The provisions of the Sub-Settlement Act have not been complied with, but as the special appellant's Agent is willing to compromise the suit, there need be no further difficulty in disposing of the case. I will only add that as the original proprietary title has not been proved, the plaintiffs are in no way entitled to Sub-Settlement, which actually restores them under our rules to proprietary possession, and makes the Taluqdar, who has been half a century in possession the mere recipient of malikana. I decree a farming lease to plaintiff, he paying the Government demand plus 25per cent to the Taluqdar for a period of thirty years.
4. It is contended that this decree was made without jurisdiction, and is therefore a nullity, with the result that the earlier decree of the 15th March 1864 stands, and the Shukuls are therefore entitled to remain in possession of the village by virtue of the under-proprietary rights which that decree gave them.
5. The answer to this question depends on the construction of the 13th of the above-mentioned Rules. It runs thus:
13. biases in which claims to under-proprietary rights nave been disposed of otherwise than in accordance with these rules will be open to revision, but this rule will not apply to cases disposed of by arbitration or by agreement of the parties.
6. Rule 2 prescribes what a claimant must prove in order to obtain a sub settlement (which is nothing more than an authoritative ascertainment and declaration of his under-proprietary rights), and enacts, amongst other things, as follows:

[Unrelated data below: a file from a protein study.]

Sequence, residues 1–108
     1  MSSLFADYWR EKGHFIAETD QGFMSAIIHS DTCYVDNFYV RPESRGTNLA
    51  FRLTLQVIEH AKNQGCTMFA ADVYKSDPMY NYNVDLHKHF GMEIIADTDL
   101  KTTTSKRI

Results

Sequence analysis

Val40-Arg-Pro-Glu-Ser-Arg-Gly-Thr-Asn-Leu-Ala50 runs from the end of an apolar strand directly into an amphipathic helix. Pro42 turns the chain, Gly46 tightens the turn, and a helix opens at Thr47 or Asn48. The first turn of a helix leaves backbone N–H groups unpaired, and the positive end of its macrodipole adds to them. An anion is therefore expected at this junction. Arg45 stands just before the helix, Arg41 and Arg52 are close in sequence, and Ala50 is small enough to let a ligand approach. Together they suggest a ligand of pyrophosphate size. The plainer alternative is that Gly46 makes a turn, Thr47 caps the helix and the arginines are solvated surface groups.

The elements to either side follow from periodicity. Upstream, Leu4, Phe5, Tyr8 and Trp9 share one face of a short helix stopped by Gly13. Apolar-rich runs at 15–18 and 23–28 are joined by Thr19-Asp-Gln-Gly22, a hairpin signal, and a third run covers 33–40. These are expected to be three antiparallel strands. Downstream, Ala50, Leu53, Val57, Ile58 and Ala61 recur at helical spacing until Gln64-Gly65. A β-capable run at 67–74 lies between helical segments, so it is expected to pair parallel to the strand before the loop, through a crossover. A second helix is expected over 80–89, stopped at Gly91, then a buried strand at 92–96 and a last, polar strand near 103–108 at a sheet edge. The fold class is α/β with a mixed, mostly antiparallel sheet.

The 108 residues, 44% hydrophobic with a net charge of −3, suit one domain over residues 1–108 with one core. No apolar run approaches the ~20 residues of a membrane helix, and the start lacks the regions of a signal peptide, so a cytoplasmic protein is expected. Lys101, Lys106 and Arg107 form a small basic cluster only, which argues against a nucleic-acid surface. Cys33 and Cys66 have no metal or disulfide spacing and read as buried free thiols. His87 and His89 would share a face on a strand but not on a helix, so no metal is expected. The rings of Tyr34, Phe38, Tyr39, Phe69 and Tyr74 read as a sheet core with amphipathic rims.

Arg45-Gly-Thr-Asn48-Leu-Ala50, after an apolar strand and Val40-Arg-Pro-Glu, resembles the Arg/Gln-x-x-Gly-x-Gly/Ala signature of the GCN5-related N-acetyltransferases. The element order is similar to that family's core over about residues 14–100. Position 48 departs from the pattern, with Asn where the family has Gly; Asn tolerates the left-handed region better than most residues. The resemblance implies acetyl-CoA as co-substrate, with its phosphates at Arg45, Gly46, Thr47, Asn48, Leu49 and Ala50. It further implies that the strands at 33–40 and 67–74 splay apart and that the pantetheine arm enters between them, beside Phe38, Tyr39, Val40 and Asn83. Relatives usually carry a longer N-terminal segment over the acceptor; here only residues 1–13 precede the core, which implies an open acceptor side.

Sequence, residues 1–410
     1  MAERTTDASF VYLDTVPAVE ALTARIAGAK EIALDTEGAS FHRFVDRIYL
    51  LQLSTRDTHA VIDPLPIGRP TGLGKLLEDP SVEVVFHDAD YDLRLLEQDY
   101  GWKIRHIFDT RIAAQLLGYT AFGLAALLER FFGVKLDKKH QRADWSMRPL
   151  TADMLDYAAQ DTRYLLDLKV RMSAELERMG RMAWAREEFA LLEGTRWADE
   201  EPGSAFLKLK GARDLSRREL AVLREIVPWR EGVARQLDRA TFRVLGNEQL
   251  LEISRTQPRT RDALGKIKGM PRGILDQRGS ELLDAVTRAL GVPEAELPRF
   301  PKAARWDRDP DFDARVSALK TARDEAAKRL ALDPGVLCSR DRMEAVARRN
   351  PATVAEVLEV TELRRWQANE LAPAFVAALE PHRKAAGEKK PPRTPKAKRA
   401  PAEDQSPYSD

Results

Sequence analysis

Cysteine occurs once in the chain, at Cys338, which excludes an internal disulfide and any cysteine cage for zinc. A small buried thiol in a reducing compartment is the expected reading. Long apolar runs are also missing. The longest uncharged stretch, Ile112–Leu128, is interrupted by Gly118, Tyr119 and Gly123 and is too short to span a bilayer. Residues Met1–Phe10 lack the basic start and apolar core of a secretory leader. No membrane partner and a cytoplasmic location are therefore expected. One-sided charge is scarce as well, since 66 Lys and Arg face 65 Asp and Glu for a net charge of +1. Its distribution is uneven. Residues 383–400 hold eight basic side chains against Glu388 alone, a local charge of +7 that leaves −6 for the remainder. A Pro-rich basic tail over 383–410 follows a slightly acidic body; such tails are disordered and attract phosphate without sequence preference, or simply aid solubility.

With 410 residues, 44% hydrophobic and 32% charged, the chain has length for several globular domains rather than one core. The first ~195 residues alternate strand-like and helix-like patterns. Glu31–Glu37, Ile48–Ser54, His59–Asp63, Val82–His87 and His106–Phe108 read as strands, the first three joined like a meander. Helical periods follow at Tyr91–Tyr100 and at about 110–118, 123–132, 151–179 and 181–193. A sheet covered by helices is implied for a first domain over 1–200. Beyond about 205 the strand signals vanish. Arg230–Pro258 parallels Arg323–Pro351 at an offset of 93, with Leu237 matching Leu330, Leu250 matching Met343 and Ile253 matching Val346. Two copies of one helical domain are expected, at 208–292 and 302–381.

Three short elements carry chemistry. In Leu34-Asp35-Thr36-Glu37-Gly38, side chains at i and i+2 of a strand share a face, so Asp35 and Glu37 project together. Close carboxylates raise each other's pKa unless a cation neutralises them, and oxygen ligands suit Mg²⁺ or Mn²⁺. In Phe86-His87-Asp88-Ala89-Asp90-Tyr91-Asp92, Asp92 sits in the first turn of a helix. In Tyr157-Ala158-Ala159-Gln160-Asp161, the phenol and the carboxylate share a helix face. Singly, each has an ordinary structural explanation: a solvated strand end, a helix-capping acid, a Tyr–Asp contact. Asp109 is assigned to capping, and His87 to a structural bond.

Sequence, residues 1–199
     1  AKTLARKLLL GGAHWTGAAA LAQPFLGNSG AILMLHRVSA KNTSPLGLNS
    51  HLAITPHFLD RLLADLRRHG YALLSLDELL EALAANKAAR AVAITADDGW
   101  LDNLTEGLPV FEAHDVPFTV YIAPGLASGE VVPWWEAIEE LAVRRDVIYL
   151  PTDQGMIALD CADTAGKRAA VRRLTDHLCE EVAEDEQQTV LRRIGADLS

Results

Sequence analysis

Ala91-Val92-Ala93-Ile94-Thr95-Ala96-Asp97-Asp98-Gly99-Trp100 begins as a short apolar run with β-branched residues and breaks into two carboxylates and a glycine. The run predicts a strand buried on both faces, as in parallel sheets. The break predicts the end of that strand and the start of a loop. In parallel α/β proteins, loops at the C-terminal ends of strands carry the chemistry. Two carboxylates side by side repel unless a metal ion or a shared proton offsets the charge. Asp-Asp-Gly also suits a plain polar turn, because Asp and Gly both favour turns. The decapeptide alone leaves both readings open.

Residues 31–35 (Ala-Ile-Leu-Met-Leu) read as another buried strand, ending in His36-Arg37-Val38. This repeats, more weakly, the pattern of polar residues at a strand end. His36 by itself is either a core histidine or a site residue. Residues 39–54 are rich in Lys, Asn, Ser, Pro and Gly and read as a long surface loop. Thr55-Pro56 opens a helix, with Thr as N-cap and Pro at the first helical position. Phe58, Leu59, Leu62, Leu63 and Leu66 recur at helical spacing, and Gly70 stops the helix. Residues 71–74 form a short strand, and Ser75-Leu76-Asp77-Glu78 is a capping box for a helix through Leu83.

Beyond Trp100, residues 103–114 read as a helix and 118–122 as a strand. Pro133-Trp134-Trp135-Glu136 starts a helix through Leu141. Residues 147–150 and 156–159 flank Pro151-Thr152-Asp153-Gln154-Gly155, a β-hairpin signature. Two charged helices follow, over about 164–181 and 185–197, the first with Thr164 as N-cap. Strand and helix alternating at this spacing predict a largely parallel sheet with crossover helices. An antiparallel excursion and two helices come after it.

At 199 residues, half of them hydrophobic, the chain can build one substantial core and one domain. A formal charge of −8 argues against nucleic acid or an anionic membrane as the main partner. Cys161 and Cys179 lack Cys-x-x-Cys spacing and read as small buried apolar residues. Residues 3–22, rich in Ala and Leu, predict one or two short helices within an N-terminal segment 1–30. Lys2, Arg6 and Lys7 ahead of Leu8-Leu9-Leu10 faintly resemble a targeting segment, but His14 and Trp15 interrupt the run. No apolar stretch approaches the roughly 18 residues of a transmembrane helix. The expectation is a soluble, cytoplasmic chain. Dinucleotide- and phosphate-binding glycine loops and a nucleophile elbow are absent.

He must show that he possesses an under-proprietary right in the lands of which the sub-settlement is claimed, and that such right has been kept alive over the whole area claimed within the period of limitation. He must also show that he, either by himself or by some other person or persons from whom lie has, inherited, has, by virtue of his under-proprietary right, and not merely through privilege granted on account of service, or by favour of the Taluqdar, held such lands under contract (pucka) with some degree of continuousness since the village came into the Taluqa.
7. Rule 3 prescribes how the words 'some degree of continuoueness' are to be interpreted. Claims which have been therefore disposed of 'otherwise than in accordance with these Rules' within the meaning of Rule 13, must, therefore, refer to those claims which have not been supported by the proofs prescribed by Rules 2 and 3, amongst others, for the establishment of future claims. Rule 13 would therefore be meaningless, unless it authorized an inquiry into those matters. The argument, however, is that even if, upon this inquiry, it should be ascertained that the claimant had not proved, and could not prove, any of the matters prescribed by Rules 2 and 3, the Chief or Deputy Commissioner should simply abstain from making an order or decree for sub-settlement, and should leave the claimant in the secure possession under the old decree of the under-proprietary rights to which it had been ascertained he was entitled according to the new standard. In their Lordships' opinion, this contention cannot be sustained. Sub-settlement was not a new thing giving some extra right or privilege over and above what was secured by a decree finding that a person was possessed of under-proprietary right. And the history of the Act together with its provisions, and the rules attached to it, show that the object and purpose with which it was passed were to revise and correct what had been hastily and imperfectly, or loosely done, and to secure that no person should enjoy under-proprietary rights who could not establish his claim in the manner prescribed by those rules. Revision would be a perfunctory and useless operation on any other terms.
8. Their Lordships therefore think that the Financial Commissioner had jurisdiction to make the decree of the 6th January 1869, and that it is a valid and binding decree.